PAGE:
Haha yeah, that was bad. We had booked a European tour and ready to go and it had to be canceled. We did our best to write music from a distance, but it didn’t go very well. I think for our music in particular it’s really hard to write when we’re not in a live setting where you can feel the sound and the instruments playing with each other. We definitely did our best, but I’ll be honest we made very little progress in the writing during that time.
Now that we’re back in training we’ve written a ton and are back on track to release new things sooner than expected. On the other hand, we were able to do a lot of things during the “downtime” of being stuck at home. We released our second EP! We released a video game, a bunch of remixes, we threw an ARG for our discord. I think it allowed us to focus on a bunch of ideas that we had been playing with for a long time and gave us the opportunity to implement them.
With the restrictions in the world lifted now, can we expect to see you visiting locations and even making an appearance at some gaming events in the future?
Absolutely! We want to tour and play in as many cities as possible. I don’t know what it will look like, but I hope we find out soon. Playing at gaming events would also be a dream come true. I don’t know how many of them do live gigs, but I think they should! I think you will certainly see us there, if not as performers, then as spectators.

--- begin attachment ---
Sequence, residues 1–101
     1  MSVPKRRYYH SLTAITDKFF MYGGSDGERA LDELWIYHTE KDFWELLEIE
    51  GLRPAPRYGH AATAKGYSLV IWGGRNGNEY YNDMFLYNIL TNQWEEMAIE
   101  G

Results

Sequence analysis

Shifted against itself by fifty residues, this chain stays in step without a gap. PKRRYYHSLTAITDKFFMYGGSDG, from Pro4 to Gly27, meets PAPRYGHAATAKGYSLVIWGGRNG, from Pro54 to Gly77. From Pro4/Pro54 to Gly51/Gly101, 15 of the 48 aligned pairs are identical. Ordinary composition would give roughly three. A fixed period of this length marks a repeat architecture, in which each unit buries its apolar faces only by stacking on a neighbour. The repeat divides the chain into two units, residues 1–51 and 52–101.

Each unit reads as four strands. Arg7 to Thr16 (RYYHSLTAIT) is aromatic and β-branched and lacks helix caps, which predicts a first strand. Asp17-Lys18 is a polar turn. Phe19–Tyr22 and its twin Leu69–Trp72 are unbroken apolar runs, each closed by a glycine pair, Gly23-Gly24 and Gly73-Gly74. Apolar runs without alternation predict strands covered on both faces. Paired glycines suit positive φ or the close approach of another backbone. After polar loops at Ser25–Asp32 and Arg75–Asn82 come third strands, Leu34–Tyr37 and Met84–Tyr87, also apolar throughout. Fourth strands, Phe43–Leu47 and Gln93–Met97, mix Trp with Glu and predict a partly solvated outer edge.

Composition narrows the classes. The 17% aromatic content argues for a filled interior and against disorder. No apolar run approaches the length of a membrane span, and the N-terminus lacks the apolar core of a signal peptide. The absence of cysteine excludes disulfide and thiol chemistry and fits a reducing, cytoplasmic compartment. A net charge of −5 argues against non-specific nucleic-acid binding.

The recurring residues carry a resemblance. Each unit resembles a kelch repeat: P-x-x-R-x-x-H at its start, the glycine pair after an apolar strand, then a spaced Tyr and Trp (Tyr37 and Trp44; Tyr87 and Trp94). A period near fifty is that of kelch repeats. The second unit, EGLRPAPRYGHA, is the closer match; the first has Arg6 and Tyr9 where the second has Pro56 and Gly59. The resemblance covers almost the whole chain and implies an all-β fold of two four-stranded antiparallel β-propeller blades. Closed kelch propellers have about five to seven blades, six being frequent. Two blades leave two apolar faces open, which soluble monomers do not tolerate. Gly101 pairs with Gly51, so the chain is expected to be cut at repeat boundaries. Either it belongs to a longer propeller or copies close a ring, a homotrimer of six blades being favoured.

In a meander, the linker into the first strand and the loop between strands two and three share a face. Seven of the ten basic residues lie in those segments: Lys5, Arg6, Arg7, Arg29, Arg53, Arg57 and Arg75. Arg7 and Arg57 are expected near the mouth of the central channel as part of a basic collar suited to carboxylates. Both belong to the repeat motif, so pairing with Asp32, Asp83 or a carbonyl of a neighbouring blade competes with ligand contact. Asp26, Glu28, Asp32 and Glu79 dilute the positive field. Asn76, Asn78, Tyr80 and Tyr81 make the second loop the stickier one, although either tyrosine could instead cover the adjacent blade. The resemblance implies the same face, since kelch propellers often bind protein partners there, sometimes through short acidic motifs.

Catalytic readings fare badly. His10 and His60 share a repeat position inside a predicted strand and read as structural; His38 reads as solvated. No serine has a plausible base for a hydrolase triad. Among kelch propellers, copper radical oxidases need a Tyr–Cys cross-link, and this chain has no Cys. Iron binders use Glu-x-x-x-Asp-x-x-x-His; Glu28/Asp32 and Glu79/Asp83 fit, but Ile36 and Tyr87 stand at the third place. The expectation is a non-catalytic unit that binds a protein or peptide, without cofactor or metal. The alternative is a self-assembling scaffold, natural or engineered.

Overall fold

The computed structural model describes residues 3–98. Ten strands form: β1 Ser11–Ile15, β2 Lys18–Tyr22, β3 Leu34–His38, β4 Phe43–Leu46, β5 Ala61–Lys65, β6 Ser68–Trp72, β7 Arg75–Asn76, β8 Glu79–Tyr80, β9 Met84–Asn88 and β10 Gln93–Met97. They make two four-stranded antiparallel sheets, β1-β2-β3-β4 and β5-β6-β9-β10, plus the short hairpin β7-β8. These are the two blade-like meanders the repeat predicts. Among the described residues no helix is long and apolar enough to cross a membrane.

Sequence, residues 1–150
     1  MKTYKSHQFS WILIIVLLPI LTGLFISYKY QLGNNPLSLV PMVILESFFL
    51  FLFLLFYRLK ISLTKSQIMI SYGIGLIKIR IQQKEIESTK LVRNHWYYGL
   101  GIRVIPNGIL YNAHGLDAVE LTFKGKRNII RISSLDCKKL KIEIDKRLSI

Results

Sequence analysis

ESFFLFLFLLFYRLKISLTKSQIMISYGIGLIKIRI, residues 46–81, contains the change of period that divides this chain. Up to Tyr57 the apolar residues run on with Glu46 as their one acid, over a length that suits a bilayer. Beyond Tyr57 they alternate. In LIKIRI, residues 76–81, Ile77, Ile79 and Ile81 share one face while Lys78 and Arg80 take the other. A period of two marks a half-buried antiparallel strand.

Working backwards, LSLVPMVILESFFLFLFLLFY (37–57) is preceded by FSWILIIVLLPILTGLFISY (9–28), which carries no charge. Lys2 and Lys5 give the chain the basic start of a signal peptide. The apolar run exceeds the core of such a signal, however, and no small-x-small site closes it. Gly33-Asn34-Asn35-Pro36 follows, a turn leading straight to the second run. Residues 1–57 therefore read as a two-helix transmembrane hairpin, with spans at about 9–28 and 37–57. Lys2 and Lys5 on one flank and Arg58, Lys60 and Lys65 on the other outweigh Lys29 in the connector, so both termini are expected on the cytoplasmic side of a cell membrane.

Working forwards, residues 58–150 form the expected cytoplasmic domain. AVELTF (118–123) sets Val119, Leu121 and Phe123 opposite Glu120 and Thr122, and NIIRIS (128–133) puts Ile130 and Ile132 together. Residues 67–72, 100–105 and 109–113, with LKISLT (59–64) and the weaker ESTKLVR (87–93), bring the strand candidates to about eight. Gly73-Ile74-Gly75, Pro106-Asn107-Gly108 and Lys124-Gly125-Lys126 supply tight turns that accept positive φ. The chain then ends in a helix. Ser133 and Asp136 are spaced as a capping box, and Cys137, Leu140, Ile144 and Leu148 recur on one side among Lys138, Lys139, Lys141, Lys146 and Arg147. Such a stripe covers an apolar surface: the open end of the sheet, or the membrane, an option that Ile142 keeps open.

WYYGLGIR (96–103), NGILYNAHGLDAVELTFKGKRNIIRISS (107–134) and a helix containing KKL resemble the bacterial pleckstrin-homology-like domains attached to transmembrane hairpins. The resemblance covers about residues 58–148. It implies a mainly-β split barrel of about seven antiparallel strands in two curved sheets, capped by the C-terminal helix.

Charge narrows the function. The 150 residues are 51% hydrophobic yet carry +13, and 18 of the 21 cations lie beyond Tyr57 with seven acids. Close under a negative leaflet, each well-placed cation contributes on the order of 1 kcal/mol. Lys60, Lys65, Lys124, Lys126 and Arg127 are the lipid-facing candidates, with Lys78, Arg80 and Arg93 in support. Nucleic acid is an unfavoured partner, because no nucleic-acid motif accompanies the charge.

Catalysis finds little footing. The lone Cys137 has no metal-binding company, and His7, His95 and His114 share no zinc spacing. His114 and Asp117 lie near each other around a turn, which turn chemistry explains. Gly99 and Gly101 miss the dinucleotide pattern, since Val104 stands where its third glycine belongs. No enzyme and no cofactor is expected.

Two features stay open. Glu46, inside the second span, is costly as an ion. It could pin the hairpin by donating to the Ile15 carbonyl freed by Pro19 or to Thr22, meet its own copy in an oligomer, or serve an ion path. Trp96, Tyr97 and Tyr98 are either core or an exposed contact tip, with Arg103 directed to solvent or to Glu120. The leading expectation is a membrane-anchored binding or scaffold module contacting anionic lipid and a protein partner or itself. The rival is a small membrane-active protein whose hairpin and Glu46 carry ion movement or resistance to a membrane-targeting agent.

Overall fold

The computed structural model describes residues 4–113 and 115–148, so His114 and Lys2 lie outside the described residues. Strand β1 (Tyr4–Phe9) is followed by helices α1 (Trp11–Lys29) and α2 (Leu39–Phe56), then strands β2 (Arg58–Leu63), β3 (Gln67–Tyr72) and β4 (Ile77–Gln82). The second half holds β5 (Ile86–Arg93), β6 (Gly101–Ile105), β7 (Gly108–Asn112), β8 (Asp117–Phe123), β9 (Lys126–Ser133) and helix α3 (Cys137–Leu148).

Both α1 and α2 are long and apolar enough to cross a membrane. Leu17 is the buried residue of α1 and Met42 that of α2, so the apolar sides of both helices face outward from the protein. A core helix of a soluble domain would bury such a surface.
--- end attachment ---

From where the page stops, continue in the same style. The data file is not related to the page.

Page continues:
A quick acoustic interpretation of Witches. Thanks also for 6k! pic.twitter.com/TZ2Vgvt8Qc
– Good kid (@goodkidband) June 19, 2021
We’ll continue to do our best to create content we’re proud of, so I hope you all hear more of it soon!
It is with great enthusiasm that we hope to see more of the Good Kid within Fortnite and tour the world in the near future, and we thank them once again for the time they have given us for this interview. .